TOPEKA, Kan. — Kansas’ eviction moratorium is set to expire, which could leave many Kansans without a place to stay.
The ban was extended until the governor’s State of Emergency order ends. The state’s Legislative Coordinating Council will meet Friday morning to decide whether to extend the order.
This comes as the state and nation are facing what some state housing officials have called a “housing crisis.” Up to 40 million Americans could be at risk, according to the Aspen Institute.
“We’ve got to get a handle on the crisis that we’re facing at the state and national level,” said Ryan Vincent, executive director of Kansas Housing Corp. “We’ve got to fund housing to address our housing problem.”
Vincent said he’s seen an increase in home prices and housing needs during the pandemic. His organization is responsible for distributing relief funds through the state’s KERA program, Kansas Emergency Rental Assistance.
To date, 4,038 applications have been completed. 167 applications have been funded with more than $1 million going out to people in need.
Housing officials are also conducting a statewide housing survey, the first comprehensive assessment conducted in nearly 30 years, to address the needs of Kansans in dire situations.
“That’s everything from ensuring equity, that everyone can access loans, and financing for their homes,” Vincent said.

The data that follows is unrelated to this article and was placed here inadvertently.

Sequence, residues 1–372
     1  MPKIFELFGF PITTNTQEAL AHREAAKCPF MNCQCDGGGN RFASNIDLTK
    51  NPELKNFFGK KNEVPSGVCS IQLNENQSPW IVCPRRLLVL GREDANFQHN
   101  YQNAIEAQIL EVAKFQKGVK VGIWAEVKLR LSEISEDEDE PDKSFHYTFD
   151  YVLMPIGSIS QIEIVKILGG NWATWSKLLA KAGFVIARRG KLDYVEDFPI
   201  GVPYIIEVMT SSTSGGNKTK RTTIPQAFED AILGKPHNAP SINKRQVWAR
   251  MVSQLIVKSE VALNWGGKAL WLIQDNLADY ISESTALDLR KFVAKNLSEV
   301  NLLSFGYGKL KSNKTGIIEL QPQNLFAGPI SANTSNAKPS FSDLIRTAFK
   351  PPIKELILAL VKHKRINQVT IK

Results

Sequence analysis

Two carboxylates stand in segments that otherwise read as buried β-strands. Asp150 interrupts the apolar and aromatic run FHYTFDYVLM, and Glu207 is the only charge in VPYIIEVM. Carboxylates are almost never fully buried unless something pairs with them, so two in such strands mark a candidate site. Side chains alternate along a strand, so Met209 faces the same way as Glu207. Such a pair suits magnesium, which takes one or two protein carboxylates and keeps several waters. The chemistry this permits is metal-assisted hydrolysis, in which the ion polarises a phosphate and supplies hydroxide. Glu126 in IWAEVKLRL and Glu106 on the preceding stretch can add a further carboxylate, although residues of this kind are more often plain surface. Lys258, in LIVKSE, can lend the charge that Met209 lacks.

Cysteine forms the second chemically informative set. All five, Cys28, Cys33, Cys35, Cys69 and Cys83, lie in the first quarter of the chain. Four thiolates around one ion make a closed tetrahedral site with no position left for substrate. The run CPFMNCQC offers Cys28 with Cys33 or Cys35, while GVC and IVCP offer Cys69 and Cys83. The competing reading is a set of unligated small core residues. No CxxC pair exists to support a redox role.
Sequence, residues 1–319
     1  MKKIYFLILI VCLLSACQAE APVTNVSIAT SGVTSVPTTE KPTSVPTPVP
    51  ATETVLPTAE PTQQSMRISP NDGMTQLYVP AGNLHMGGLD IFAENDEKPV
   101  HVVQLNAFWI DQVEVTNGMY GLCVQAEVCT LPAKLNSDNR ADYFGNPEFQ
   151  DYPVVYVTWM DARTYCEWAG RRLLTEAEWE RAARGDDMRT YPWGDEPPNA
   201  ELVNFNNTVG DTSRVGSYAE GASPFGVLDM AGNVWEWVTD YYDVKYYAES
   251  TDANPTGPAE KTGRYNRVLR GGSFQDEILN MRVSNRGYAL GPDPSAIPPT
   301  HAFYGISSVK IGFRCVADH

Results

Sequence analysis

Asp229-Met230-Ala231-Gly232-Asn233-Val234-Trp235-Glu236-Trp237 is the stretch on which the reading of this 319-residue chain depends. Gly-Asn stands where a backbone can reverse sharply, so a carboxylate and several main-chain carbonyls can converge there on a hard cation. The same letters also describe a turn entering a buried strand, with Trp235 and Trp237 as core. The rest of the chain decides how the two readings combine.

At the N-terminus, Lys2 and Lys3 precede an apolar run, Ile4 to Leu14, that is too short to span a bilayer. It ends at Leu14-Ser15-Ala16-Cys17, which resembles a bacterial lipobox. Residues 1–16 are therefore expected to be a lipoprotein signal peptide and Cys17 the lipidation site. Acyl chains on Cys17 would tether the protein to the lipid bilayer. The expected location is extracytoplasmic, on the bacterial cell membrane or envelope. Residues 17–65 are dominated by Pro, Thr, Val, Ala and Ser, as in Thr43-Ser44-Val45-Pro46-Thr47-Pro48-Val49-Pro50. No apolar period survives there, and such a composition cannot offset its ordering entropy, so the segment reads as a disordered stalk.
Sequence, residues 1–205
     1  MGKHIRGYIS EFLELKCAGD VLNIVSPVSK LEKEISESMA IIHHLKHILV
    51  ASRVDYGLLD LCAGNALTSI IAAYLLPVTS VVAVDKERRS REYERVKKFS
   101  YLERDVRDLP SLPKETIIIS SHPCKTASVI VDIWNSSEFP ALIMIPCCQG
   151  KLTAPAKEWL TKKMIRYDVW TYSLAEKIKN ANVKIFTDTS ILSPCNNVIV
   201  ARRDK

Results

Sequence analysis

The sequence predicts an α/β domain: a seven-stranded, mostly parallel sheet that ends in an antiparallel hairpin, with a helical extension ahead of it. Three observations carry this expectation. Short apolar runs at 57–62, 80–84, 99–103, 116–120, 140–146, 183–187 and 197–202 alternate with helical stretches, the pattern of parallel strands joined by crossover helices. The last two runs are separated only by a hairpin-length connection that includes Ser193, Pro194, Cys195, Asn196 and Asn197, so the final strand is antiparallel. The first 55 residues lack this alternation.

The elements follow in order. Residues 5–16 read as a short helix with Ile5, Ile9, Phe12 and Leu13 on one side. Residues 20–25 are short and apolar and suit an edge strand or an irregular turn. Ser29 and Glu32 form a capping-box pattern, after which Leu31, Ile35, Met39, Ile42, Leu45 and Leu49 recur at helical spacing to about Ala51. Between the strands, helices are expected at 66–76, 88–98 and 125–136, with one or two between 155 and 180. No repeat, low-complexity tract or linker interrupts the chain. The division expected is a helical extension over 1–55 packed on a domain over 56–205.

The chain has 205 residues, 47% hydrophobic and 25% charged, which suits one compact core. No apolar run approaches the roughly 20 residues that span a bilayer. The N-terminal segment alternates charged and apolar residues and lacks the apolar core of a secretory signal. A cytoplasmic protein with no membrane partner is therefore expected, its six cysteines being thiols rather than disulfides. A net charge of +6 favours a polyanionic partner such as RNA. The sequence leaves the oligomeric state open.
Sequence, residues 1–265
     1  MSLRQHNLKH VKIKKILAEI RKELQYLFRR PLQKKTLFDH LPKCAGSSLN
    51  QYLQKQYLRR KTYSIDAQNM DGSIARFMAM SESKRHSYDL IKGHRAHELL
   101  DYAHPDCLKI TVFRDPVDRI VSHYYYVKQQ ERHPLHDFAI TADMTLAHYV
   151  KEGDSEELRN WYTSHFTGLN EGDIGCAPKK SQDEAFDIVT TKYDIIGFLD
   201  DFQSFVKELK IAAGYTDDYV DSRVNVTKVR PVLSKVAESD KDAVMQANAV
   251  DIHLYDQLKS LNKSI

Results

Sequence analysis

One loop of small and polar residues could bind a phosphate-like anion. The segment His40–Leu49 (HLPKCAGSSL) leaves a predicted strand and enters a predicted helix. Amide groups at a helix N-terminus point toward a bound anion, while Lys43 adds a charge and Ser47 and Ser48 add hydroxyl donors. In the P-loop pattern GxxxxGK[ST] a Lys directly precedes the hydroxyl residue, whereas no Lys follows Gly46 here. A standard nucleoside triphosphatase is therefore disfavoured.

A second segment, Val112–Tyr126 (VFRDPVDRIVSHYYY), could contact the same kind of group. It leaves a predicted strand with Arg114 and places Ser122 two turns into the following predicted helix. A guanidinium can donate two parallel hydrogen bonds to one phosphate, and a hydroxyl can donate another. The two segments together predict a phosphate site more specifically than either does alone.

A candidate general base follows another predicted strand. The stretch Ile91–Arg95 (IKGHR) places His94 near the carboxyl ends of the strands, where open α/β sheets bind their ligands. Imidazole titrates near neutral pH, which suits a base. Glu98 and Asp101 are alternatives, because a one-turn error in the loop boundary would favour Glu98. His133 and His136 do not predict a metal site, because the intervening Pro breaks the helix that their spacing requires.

Vincent acknowledged that affordable housing has been an issue in the state.
One advocacy group, Rent Zero Kansas, has been vocal about the need to help low-income Kansans that are still being evicted, facing utility shut offs, or don’t qualify for rental assistance.
In a press release, Vince Munoz, an organizer for the activist group, pointed to a public dashboard released by the National Low Income Housing Coalition, comparing emergency rental assistance programs across the country.
Kansas’ rental program is not among the states listed in the dashboard that provide assistance directly to tenants. Munoz noted told Kansas Capitol Bureau on Thursday that this could create a problem for renters, who are also instructed to apply for assistance with their landlords through a joint-online process. According to the KERA website, if the application is approved, the landlord or service provider receives funds directly from KERA and applies KERA funds to the applicant’s account.
“The Kansas Housing Resources Corporation should follow the 75 other programs nationwide in sending relief directly to renters. This would help prevent landlords from arbitrarily declining rent payments from assistance, which we’ve seen happen recently in Manhattan.”Vince Munoz, Rent Zero Kansas
According to the advocacy group, In late January, Manhattan tenants Alice Nondorf and her fiancé, Gary LaBarge, were evicted despite each being eligible for more than $5,000 in rental assistance. Their landlord, Rodney Steven III, whose family also owns Genesis Fitness Clubs, declined to accept the assistance.
Vincent with the state’s housing corp said the goal of the survey is to collect information from community members and stakeholders to identify the current housing needs.
To access the statewide housing survey, click here.